More than 1/3 of Boston’s entering kindergarteners don’t have the skills to succeed. By third grade, that number doubles to 2/3.
These numbers are strong predictors of future graduation rates, incomes, and our community’s long-range economic prosperity. But at least we have that information. What is sorely lacking is information on how kids are doing early on before school, when research has proven that identifying and correcting developmental delays will have the greatest positive impact.
Today, United Way and the PE/VC Council (a group of Private Equity and Venture Capital industry leaders) announced the DRIVE initiative: Data and Resources Impacting Vital Early Education with the goal to stop school failure before it ever starts by using proven screening methods and data analysis to have the greatest impact.
In partnership with United Way and Thrive in 5, the DRIVE initiative will:
- Expand early childhood screening citywide
- Leverage a train-the-trainer model to get more active parent screeners
- Build technology infrastructure with an easy to use platform that aggregates this data
- Analyze this data to identify trends and best focus investments
Of the 40,000 children in Boston, we currently only have access to screening data on approximately 1,100. This project would make Boston the first city to create a comprehensive database to power a data-driven approach to investing in early childhood.
In fact, just two days ago, The White House Summit on Early Education launched its Playbook for Early Learning to encourage cities and states to develop comprehensive approaches to early childhood education. Among the six essential strategies for success identified by the summit were 1) developing a data-centric approach to early childhood screening and 2) building effective data tracking and analysis tools.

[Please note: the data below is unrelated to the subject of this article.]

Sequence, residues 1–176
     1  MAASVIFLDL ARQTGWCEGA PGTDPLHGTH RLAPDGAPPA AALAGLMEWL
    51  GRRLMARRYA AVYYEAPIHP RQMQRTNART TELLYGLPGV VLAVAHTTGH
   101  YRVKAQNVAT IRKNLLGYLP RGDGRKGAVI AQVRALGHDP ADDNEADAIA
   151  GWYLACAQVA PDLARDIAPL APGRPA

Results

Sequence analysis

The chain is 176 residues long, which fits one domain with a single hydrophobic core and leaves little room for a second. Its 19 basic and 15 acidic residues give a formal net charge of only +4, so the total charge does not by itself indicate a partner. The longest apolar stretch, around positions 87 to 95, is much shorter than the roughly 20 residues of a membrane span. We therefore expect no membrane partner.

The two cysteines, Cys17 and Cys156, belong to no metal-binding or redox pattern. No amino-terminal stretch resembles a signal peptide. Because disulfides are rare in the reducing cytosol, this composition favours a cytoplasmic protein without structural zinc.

Additionally, the White House Summit on Early Education lauded the work of United Way and Thrive in 5 and highlighted Boston as one of only two US cities that have “started implementation and continue to expand plans, while evaluating their progress, setting them on the path to becoming a model early learning city for the nation”.
Overall, the projected annual cost of the program will be between $250,000 and $300,000.
- $50 will allow us to screen and, most importantly, conduct year-round follow-up for a child who needs help and wouldn’t receive it without this program and your support.
- $1,250 will provide the screening for an entire average-sized pre-school class.
- The data infrastructure project, which is a backbone to this initiative, we estimate will cost around $75K.
Since 2003, the PE/VC industry has raised an incredible $20 million to fund United Way’s work. Now, they are poised to DRIVE an even greater impact on our community and help Boston become a model learning city for the nation.
Many of us in the room have young kids – my wife and I have three under nine. If you have kids, especially young kids, you know they are so resilient, such fast learners. Our youngest needed a speech therapist when he was 3 and his improvement and ability to overcome early problems was staggeringly fast. As kids get older, if they are struggling with any developmental areas, they can snowball as children become more aware and start to feel self-conscious or discouraged in school. Earlier is unquestionably better.
-Jason Trevisan, Polaris Partners, PE/VC Leadership Council
The Council also emphasized the importance of getting involved – beyond writing a check. From industry networking events to hands-on volunteer opportunities, many levels of participation are possible and welcome.
In it’s first year, the PE/VC Associate Council (a volunteer group of industry associates focused on ) have helped transform local playgrounds, packed and distributed Thanksgiving meals with friends and family, and used their analytical expertise to assist on United Way strategic initiatives.
See more photos of the PE/VC Leadership Breakfast in the Facebook album.